Seen Monday, December 28th, 2015: Concussion
Nigerian-born Dr. Bennet Omalu's life changes when he's assigned to do an autopsy on the body of Mike Webster, a former Pittsburgh Steeler's star and the city's hometown hero. Dr. Omalu finds that repeated head trauma contributed to Webster's mental demise and death, which leads him and his colleagues to put a name to a new degenerative disorder that other football players might also be in danger of developing, chronic traumatic encephalopathy (CTE). When his findings are published, the NFL endeavors fiercely to shut Dr. Omalu up and keep the truth buried.
"Even Legends Need a Hero / Nothing Hits Harder Than the Truth"
Gugu Mbatha-Raw as Prema, Dr. Omalu's wife. She impressed me in Beyond the Lights and she impresses me still.
I must mention that I greatly appreciated the way in which Omalu and his wife's faith was emphasized. It wasn't done in a corny or dogmatic way, but in a way that speaks to belief in oneself and one's purpose. I know God, and knowing God means trusting His vision. And knowing God means that when I have truth, I must tell it, even if people tell me not to. I think that's a message that can resonate with many people.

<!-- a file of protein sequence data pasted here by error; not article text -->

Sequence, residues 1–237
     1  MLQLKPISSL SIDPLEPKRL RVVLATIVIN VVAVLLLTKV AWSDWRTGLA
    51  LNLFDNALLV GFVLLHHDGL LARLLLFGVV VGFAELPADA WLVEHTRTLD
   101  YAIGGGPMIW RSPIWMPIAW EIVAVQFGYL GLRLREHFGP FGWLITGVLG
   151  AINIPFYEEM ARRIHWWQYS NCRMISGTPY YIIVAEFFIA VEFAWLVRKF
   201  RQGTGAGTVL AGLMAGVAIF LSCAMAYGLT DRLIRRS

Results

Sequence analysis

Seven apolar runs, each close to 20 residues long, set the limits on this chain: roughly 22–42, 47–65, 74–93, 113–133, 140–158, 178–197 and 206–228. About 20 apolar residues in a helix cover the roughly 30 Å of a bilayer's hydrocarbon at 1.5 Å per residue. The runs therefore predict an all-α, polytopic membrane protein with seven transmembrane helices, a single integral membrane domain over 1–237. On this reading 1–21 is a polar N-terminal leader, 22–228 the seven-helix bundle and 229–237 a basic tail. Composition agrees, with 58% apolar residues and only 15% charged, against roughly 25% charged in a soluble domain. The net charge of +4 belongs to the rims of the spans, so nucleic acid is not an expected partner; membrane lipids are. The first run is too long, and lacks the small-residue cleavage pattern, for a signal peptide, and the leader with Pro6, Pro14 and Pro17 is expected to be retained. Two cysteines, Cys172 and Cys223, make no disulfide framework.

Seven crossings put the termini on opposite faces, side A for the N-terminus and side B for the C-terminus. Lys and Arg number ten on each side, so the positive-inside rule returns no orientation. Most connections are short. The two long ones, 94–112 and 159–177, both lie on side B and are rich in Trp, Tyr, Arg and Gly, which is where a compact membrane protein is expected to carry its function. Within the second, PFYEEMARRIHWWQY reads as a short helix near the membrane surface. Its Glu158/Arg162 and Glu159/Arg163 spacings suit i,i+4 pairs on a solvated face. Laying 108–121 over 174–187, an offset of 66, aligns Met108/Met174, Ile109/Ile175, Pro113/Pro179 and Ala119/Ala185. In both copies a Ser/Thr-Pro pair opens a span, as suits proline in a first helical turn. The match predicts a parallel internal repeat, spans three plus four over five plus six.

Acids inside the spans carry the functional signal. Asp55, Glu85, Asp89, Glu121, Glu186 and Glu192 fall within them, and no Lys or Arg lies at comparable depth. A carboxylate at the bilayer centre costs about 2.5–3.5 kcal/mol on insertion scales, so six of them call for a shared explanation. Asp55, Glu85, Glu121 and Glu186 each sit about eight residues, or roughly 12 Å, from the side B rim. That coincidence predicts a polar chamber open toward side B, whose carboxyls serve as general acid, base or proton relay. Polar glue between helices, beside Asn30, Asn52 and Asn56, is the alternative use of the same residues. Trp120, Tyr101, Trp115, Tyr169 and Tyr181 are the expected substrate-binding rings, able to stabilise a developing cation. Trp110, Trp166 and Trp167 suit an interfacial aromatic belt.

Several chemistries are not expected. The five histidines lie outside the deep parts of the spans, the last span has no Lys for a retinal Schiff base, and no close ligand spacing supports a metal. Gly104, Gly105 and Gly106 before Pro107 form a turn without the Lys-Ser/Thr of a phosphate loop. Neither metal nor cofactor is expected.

I'm also glad the film clarifies that even though Dr. Omalu initially doesn't get what the big deal is about American football, he isn't out to take down the sport with his findings. He just wants people, and athletes especially, to be made sufficiently aware of potential risks involved with playing the sport.
What I don't like about the film: Prema is kind of just there. She has a past and desires, she has endured trauma, but these things are only mentioned in passing. As a character and the female lead, she exists only to be Dr. Omalu's companion and cheerleader, which is a waste in my opinion.
When Dr. Omalu gets invited to Capitol Hill and is offered the position of chief medical examiner for Washington, D.C., and the recruiter tells him that he represents every bit of what it means to be American because of what he's done, and that he's reached a new level in his profession now, and that they welcome him aboard.... As if he's reached the Promised Land or the Pearly Gates or something, and all of his life's work and hardships are only fully validated by a white man in a suit telling him, "Well done". I appreciate the sentiment that he is finally being recognized for his integrity and brilliance after fans, the NFL, and the Feds did him dirty for so long. And the scene doesn't even go beyond five minutes. But the way this moment of triumph is set up just rubs me the wrong way.
Lastly, this isn't a criticism of the film itself, but a reaction to a note made at the end of the film. Apparently, back in 2013 the NFL settled a lawsuit filed by 5,000 former players, on the condition that the organization would never have to reveal how much and when they know about the harmful effects of football-related head trauma. Which means the NFL knows A LOT more than anyone about something that could be killing athletes. And they. will never. tell. Ever.
Would I recommend it?: Sure. Like Creed, this is a sports film that isn't just about sports, so it has enough in it to keep it interesting for non-enthusiasts such as myself.